Prayer & Parenting

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Prayer. Keeping up a consistent prayer life has always been a struggle. I’ve always found myself attempting different things – prayer journals, iPhone note prayers, prayer meetings, prayer requests written in a notebook. The Apostle Paul, in I Thessalonians 5:17, calls us to “pray without ceasing,” as if it’s supposed to be natural, like breathing.

Like breathing. 

Then there’s parenting, a struggle to say the least, but at the same time a natural instinct that has always existed in nature. Nurturing and protecting your own almost seems like a moral obligation and common sense, yet this is not what we always see, either, in both humans and animals.

Prayer and parenting – the former being something that sustains the life of a Christian and the latter an instinct that seemingly accompanies reproductive ability. 

What’s my point?

I have a family now, which has only been the case for the last 14 months. I have a husband and a 9-year-old daughter, who are on my mind daily and constantly creep into my thoughts when I’m grocery shopping or cooking food or cleaning the house or plotting out the next few weeks on the calendar. And with this new life, I am finding myself increasingly challenged to pray. To put it more directly, I find myself gasping for air – often. 

My lack of oxygen correlates conveniently with my need to pray – pray for my husband, pray for my daughter, pray for strength and wisdom and patience to care for them and, most importantly – point them to Jesus.

During the first half of this last year, I largely depended on knowledge and experience to deal with my daughter. When methodologies failed, I tweaked, revised, and changed them and tried again. I created order through structure, routine, and schedules. It was madness.

Then, like an unexpected whoosh of unpleasantly cold water dumped over my head, conviction took hold, and I realized I was doing too much. Too much everything – thinking, planning, strategizing, organizing, worrying. I simply needed to pray.

Commitment to prayer changes your life. It alters attitudes, perspectives and priorities. It brings you and those around you closer to Jesus. 

But I didn’t need to just to pray more by myself, proverbially kneeling by my bed before tucking in for the night. I needed to pray with my family, actively, intentionally, and consistently. I needed to pray with and for my daughter more than lecture her about the endless things parents feel like they need to lecture their children about. I needed to pray for and with my husband more than air out my complaints and frustrations to him.

I needed to stop cutting off the oxygen supply to my family and PRAY, not because the life of my family depends on it but because my own life as a Christian depends on it.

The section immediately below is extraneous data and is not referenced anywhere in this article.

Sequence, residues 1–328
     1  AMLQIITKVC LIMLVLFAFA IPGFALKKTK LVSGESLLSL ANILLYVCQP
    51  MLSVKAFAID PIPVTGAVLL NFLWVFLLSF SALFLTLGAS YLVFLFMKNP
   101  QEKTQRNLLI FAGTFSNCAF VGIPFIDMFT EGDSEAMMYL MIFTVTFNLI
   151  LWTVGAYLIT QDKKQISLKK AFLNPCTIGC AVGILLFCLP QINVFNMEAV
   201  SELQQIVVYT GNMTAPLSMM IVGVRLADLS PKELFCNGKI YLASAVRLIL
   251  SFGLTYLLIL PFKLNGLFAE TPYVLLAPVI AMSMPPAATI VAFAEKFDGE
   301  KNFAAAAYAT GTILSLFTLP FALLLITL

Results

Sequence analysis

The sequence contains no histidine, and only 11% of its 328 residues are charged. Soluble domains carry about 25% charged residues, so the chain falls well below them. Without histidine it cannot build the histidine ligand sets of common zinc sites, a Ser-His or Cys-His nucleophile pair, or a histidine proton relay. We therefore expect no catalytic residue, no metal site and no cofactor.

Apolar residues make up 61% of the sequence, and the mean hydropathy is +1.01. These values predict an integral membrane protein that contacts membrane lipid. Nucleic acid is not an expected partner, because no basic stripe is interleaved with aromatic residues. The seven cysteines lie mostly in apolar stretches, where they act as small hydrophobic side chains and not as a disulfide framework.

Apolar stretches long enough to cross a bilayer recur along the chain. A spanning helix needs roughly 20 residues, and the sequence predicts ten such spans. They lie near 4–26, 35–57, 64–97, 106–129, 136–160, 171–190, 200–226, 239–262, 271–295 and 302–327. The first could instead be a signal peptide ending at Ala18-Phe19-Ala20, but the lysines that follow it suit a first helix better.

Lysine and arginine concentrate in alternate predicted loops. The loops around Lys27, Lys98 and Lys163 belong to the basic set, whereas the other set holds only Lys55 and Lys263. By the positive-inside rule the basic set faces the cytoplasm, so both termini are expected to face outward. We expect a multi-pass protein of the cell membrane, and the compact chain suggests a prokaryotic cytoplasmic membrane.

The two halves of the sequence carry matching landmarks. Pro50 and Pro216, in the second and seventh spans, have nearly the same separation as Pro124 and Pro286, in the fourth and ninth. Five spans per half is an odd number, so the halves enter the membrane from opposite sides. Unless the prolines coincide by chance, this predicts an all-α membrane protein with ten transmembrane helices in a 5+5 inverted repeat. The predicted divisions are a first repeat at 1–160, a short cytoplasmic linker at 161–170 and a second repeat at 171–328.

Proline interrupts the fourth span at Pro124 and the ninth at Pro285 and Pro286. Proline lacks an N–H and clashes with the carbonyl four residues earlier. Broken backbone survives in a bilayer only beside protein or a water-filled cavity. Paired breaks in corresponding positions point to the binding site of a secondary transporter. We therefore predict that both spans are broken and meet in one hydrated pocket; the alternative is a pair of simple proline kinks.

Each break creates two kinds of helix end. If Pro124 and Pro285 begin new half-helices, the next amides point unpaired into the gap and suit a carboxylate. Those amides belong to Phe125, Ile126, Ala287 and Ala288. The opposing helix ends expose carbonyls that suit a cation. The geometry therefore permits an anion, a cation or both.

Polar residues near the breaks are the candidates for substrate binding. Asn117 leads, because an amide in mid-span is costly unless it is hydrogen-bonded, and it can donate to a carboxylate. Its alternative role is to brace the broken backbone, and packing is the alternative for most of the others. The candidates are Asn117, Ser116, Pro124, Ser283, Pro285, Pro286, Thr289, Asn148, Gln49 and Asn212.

So this is what I’ve started to do, and the pitfalls of self-righteousness are everywhere. It sounds simple enough to merely advise my daughter to say a prayer every time she has a problem and then walk away and continue loading the dishwasher. But am I saying a prayer every time I have a problem? I could check it off my list every time I prayed for my husband’s devotional life, but am I being faithful in studying the Word every day?

In closing, I am going to share with you all just a snapshot of what I’ve begun to experience as a parent.

Wednesdays are our home school day, since my daughter’s school is a home school extension academy that only has classes four days a week. Suffice it to say that I deal with a child who’s emotions and attention span are akin to a roller coaster or a bipolar mood storm. Things today were off to a rough start, so I decided that we were going to start with prayer before going over the plan for the day.

My daughter began to pray, adhering to my request. I bowed my head with her. She began thanking God for all the things that he’s given us, for her little sister, for her family, for dying for us – and that’s where her words became tears.

(I saw myself right then. Just another soul struggling to accept God’s love, a struggle I was personally familiar with. Another soul coming up against the difficulties we all face.)

I prayed for her silently. After a few minutes, she finished her prayer. We looked at each other, tears in both of our eyes. She came over to me and we hugged. When she finally pulled away, I sent her to clean out her nose and then got out the white board with the day’s agenda.

That was how our day began. No lectures or inspirational quotes or motivational speeches about being positive and confident in ourselves. Just prayer. And whatever happened in my girl’s heart that altered her mood was beyond any parenting trick I could ever invent.

It’s in these moments that I remember I do not have the power to give my children what they truly need. God does

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faith like a child

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I’ve been on vacation. Ok, that’s not entirely true, considering I’ve been back for a week now; but let’s be honest: family vacation recovery is real. And I’m not talking decompressing from all the insanity that may or may not have relapsed. I’m simply talking about the process of unpacking and resting – which, mind you, still isn’t finished yet! (Which reminds me, I need to go air out the tent fly before I forget; I’ll be right back.)

Anyway, I have understandably been taking a break from this blog due to vacation; and today I am picking up on Day 3 of the Yell Less, Love More challenge. 

FAITH LIKE A CHILD. That is what all my reading inspired this morning, this beautiful and biblical concept that Jesus himself taught and proclaimed during His ministry on earth. It’s incredible how clearly I notice separate pieces of my life come together in a thematic shape whenever I seek to be spiritually in tune with my Creator, and child-like faith has been the thread pulling it all together recently.

Sitting down, Jesus called the Twelve and said, “If anyone wants to be first, he must be the very last, and the servant of all.”

He took a little child and had him stand among them. Taking him in his arms, he said to them, “Whoever welcomes one of these little children in my name welcomes me; and whoever welcomes me does not welcome me but the one who sent me.”

………